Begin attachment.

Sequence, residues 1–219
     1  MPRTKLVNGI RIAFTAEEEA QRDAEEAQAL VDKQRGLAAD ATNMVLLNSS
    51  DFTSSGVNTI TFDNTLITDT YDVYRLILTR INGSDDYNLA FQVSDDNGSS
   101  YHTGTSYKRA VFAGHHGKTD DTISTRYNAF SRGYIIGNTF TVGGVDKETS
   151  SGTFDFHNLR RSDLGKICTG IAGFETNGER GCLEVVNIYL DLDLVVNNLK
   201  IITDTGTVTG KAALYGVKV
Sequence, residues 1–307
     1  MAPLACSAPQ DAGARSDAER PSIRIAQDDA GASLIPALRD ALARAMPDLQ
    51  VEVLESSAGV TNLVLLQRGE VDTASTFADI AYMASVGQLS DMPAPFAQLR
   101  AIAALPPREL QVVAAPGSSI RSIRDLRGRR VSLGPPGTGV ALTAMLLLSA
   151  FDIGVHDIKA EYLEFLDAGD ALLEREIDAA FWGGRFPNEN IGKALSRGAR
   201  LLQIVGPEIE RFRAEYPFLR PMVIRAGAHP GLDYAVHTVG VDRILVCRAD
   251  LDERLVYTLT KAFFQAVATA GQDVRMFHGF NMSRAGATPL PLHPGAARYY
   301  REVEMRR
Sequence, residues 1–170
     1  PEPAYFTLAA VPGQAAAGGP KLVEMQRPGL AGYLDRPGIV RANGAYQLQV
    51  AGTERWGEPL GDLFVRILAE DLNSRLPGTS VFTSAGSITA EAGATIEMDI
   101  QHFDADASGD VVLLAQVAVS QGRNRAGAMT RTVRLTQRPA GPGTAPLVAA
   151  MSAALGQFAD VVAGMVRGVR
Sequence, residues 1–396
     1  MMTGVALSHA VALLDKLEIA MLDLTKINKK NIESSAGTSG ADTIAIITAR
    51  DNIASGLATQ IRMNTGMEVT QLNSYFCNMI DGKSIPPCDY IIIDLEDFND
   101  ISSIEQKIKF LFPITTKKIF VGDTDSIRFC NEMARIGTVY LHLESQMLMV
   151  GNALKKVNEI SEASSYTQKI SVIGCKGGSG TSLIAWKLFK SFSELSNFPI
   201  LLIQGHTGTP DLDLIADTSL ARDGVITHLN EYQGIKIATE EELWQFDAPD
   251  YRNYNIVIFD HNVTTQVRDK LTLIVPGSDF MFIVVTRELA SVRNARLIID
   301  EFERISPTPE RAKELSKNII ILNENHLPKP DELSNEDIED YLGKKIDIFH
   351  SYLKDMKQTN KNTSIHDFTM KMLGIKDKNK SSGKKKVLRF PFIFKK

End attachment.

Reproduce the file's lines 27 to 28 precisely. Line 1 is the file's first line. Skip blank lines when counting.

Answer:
   301  EFERISPTPE RAKELSKNII ILNENHLPKP DELSNEDIED YLGKKIDIFH
   351  SYLKDMKQTN KNTSIHDFTM KMLGIKDKNK SSGKKKVLRF PFIFKK